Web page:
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Serving Westchester, Rockland, Putnam Counties and beyond
Hudson Valley Logo
Serving Westchester, Rockland, Putnam Counties and beyond

The key to balance in life? 


Everything in moderation. The same goes for your pelvic floor muscles. 


Maybe you just had your second baby? Your postpartum recovery this time feels a bit different. Last time, that leakage cleared up after a few short weeks….eight months later this time and it looks like these inconvenient leaks may be here to stay. So you talk to your doctor, maybe a friend, or do a little googling one night. Conclusively, it seems, “do your kegels.”


Fast forward another two months. You kegel till the cows come home each day. Yet, a sneeze takes you by surprise and another leak. 

A quick sneeze catches you by surprise. Are you leaking?

What’s happening here?


  1. Just plain too much of a good thing

Remember, your muscles down there are a whole lot smaller than the big groups of muscles elsewhere on your body. Let’s say you want stronger legs. You never would squat 200 times every couple hours…especially on day one. 


If you do 1000 squats a day and then try to sprint up the stairs, how do you feel? Pretty damn tired. Your pelvic floor muscles may be overworked and fatigued.


How many kegels should I do per day?


It depends. 


Aim for enough kegels that you feel challenged on the last few repetitions. For most people, this is no more than a few minutes….with proper rest! 


Unsure of what your “magic” kegel number is? Consider seeking out the help of a pelvic health physical therapist who can customize your program.


2. The same kegel every time


Did you know that your pelvic floor muscles have different muscle fibers for endurance and high impact activity? 


Pelvic floor muscle training needs to target both types of muscle fibers. 


Aim to incorporate endurance holds ~10 seconds and fast holds ~2 seconds into your training routine. 

Some people need a bit more endurance training, while others need a bit more high impact training. This may be more complicated to figure out on your own. It may be time for help.


Build up your strength in a variety of positions. You’re a mom…. You don’t live your life laying on your back. It just doesn’t make sense to ONLY kegel on your back. 


While lying down can be a fantastic choice when first starting kegels, it’s important to introduce challenging positions as you get stronger. 


3. Poor technique


Kegels…just a squeeze over and over again, right?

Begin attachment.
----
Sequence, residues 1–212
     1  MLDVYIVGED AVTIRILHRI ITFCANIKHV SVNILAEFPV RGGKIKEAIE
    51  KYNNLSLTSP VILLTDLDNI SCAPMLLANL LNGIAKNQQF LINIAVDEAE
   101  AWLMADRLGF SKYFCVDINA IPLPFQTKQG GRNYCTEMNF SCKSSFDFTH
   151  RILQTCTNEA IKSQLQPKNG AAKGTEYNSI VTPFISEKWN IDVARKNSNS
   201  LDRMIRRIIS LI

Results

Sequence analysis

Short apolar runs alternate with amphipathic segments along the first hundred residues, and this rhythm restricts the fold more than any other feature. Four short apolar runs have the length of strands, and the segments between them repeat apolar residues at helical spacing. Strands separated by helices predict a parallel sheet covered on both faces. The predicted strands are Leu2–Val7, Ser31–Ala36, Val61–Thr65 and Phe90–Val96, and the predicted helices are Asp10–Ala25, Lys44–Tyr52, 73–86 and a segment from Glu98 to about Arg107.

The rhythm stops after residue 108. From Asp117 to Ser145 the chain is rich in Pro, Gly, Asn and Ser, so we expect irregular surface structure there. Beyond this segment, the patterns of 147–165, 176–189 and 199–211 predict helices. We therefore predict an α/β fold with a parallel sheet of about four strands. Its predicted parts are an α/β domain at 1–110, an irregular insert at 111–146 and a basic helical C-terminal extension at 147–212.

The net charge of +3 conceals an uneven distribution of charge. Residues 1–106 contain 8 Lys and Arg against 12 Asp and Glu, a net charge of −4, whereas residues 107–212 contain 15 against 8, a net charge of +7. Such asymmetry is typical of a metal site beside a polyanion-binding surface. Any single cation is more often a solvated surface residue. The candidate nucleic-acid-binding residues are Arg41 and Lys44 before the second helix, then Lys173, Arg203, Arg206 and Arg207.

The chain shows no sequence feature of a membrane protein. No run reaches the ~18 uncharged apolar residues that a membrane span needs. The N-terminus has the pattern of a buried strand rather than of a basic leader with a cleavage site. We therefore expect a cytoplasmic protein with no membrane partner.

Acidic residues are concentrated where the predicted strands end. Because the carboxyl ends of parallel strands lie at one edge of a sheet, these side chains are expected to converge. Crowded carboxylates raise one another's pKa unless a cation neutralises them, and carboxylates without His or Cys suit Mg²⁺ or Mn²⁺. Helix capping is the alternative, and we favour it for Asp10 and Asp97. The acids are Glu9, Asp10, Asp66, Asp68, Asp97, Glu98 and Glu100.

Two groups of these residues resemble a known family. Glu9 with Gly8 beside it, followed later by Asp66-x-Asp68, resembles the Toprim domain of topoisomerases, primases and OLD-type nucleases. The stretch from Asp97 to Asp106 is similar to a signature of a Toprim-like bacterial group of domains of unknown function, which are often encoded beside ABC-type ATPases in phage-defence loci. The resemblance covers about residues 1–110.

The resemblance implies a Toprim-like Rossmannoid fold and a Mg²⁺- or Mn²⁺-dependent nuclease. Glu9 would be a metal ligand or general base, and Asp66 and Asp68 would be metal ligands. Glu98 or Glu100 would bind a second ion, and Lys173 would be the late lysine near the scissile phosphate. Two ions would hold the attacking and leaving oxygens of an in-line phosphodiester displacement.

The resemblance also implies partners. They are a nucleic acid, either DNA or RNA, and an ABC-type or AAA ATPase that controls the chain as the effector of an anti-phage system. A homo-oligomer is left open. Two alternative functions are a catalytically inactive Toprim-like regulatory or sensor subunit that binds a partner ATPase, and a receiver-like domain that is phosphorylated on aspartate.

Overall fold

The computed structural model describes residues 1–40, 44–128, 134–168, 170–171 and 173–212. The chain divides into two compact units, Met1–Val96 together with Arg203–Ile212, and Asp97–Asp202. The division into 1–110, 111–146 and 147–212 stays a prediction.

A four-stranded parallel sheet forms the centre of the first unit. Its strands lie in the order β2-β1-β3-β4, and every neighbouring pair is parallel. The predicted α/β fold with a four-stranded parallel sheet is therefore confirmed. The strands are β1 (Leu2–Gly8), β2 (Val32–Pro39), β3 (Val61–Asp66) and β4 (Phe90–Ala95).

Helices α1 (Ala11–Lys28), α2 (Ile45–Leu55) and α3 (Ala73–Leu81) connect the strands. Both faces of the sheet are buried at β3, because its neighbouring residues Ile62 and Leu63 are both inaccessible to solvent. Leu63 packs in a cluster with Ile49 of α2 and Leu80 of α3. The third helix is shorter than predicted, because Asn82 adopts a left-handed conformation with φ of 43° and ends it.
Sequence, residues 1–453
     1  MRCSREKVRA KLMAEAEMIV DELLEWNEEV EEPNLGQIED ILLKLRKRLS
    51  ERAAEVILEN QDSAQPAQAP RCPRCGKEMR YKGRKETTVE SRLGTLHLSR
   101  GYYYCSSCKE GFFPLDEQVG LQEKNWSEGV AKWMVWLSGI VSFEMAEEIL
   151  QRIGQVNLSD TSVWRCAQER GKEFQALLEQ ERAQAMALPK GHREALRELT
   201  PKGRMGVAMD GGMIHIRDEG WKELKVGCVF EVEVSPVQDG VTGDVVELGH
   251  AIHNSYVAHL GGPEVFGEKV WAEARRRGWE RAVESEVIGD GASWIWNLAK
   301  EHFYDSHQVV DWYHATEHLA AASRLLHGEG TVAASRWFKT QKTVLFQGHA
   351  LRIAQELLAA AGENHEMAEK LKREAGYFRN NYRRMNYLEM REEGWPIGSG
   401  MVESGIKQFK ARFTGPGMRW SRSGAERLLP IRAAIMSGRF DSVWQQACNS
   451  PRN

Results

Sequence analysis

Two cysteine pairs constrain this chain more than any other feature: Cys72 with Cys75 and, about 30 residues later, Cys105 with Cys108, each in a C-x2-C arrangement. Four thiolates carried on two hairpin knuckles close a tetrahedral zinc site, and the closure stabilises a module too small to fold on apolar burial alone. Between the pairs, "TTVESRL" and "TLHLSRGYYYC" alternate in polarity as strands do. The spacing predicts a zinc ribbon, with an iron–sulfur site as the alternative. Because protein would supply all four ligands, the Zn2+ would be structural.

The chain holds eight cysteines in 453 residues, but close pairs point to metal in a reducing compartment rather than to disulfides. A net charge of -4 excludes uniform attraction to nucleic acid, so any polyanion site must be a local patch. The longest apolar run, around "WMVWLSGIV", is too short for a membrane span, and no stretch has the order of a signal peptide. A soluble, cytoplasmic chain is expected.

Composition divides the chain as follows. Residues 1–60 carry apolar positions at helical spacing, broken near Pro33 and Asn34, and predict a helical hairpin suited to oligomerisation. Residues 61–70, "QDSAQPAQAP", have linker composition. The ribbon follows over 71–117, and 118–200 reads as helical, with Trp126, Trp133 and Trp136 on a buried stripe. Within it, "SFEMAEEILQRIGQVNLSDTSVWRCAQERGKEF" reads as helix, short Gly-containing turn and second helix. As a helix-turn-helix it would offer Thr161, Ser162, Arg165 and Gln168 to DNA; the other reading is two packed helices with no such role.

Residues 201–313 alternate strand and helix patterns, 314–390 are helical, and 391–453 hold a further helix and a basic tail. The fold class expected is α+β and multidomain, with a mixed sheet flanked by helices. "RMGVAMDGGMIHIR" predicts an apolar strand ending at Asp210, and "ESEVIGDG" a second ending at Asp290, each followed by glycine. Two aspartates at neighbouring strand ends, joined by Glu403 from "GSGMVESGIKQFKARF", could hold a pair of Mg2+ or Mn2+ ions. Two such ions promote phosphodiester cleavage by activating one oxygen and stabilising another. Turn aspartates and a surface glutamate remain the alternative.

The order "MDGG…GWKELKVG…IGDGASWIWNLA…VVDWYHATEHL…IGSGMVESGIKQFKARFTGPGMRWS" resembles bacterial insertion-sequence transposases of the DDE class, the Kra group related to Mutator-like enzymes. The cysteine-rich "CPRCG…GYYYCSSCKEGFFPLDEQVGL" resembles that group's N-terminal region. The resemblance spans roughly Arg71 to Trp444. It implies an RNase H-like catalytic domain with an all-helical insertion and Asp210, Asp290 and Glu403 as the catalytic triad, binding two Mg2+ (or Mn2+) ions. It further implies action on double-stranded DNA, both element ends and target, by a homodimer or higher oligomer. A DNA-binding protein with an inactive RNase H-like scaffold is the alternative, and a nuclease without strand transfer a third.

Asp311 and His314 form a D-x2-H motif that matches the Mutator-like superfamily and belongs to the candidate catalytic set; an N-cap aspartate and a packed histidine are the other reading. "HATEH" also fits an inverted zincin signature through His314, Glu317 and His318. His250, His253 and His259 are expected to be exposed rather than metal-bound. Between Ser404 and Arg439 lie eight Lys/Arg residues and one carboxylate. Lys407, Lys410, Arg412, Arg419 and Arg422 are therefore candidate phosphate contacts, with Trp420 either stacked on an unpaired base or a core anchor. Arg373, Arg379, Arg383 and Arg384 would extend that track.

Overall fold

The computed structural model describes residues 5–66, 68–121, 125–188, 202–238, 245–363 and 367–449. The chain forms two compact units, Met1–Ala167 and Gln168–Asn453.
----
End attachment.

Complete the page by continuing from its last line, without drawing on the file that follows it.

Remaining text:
Well not exactly. A couple things wrong here. 


Yes, when you kegel, you squeeze, but you should also feel a lift of your pelvic floor muscles.

Think of an elevator. The muscles of the pelvic floor should close and lift.


Second, your ability to relax fully after each kegel is just as important as your ability to tighten and lift. Make sure that you feel like you can release the muscle tension you created fully, and ensure that you give yourself adequate time to rest after each kegel when training. 


Third, how do you breathe when you kegel? 


Think “exhale on exertion.” It feels very counterintuitive for many, but a kegel should be started on an exhale and released on an inhale. When holding a kegel for several seconds, breathe normally the whole time you hold. 


Kegel technique could take up an entire blog and so much more. It’s complicated, and these three points just skim the surface. Ask for help when in doubt.


4. No kegels for you…yet

Overactive pelvic floor muscles can worsen leakage.

Just like any other muscle in your body, a strong and healthy pelvic floor needs good strength and mobility. 


Plain and simple, a tight pelvic floor muscle does not have very far to go when you tighten and lift. The muscle is already in a partially tightened state. Tight pelvic floor muscles have problems relaxing. 


If this sounds like you, restoring good pelvic floor mobility is so important before you kegel.


In some cases, you may have tension without noticing any issues except leakage.

Painful sex, difficulty emptying your bladder, or painful bowel movements are just a few of the signs that your muscles may be too tight. If you’re suffering from any of these conditions, you really deserve and need the care of a professional.


Now let’s go back to the beginning. Were you just about ready to throw in the towels with kegels and accept leaking as an unfortunate part of mommy life? Good news! You now have quite a few tips to improve your kegel practice. 


Information overload? This stuff is confusing. It’s okay. For more information, contact any of the pelvic health specialists at Hudson Valley PT. Too busy or not in the area? Sign up for the “Leak Free After Baby Bootcamp”. Link here:


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